Key “close the books” findings for construction firms

Closing the books is a source of frustration for many construction firms. The construction industry is not alone – “the close” can be a pain point for businesses across a variety of industries. Sage Intacct recently conducted the annual “Close the Books” survey to see what’s working, what’s not, and what the future holds when it comes to the close. Taking a closer look at the findings can give businesses insight into how they can make the close more efficient.

The state of the close

Closing the books takes time – anywhere from a few days to weeks on end. While many factors can impact the time to close, including business complexity, technology, and headcount, the survey found that the biggest factors affecting close were business size and industry.

“Best in class” close time for the businesses surveyed was two weeks or less. By industry, the businesses surveyed had average close times that ranged from 6-12 days, with construction firms surveyed averaging 8 days to close.

The average number of days to close the books also grew in proportion to the number of legal entities a business has. Those with 11 or more legal entities took 70% more time to close their books than those with five or less entities.

Most close teams are small, with 40% having two or fewer people and 78% having 5 or fewer. The survey found that the size of the close team grew as the total number of employees grew, with jumps at the 150, 500, and 1,000 employee count. Similarly, the size of the close team grew as revenue increased, with a near doubling of team size at the $50M revenue mark, and again at $250M and $500M, respectively.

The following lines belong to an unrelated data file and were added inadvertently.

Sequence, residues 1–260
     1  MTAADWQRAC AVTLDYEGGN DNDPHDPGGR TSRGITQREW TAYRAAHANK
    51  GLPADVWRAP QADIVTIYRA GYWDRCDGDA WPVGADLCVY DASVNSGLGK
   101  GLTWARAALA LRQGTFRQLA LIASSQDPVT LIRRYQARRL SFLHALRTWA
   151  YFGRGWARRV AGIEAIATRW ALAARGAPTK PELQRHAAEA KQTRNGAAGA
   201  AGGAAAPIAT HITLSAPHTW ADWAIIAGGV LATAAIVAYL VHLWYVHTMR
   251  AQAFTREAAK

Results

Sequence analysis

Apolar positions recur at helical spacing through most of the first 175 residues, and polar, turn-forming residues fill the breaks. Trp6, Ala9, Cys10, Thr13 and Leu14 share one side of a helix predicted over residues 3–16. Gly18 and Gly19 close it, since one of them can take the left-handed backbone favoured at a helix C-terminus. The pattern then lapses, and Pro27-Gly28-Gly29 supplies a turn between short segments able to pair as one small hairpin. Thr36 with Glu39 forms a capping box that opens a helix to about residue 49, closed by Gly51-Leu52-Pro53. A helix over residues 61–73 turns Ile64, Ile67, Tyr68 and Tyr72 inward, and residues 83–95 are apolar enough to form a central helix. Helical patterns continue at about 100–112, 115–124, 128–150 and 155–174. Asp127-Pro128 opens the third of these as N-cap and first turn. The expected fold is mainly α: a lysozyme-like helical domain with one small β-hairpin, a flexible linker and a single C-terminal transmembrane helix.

However, it is worth noting that businesses over $100M in revenue saw a decline in the average number of close days by 30%. This can be due to efficiencies gained by increased team size and the use of technology solutions.

The role of technology

When it comes to technology’s role in the close, we are seeing the move to the cloud continue, with 63% of the respondents’ financial management systems now cloud or hybrid cloud-based, up from 58% last year. For those still using on-prem solutions, 28% plan to move to a cloud-based solution within the next year, and 42% within the next two years.

The top reasons why cloud-based solutions are preferred are: higher availability, a reduced need for IT, and the ability to scale as the business grows. Other reasons included lower cost, increased security, and the ability to have advanced features such as AI.

It’s no secret that implementing the right technology helps businesses increase efficiency — this holds true for the close. When it comes to how technology improves the close process, the top benefits cited were more automation, reduced manual work, and greater systems integrations. Workflow and real-time reporting were close behind.

Conversely, businesses that rely on more manual processes experience longer close times. The top factors that delay close times were investigating anomalies and the manual effort involved with the close, including accruals, allocations and imports. Other reasons included getting information from third parties, reconciliations, internal information flow, and management review.

Survey results showed that manual journal entries and manual consolidations also slowed the

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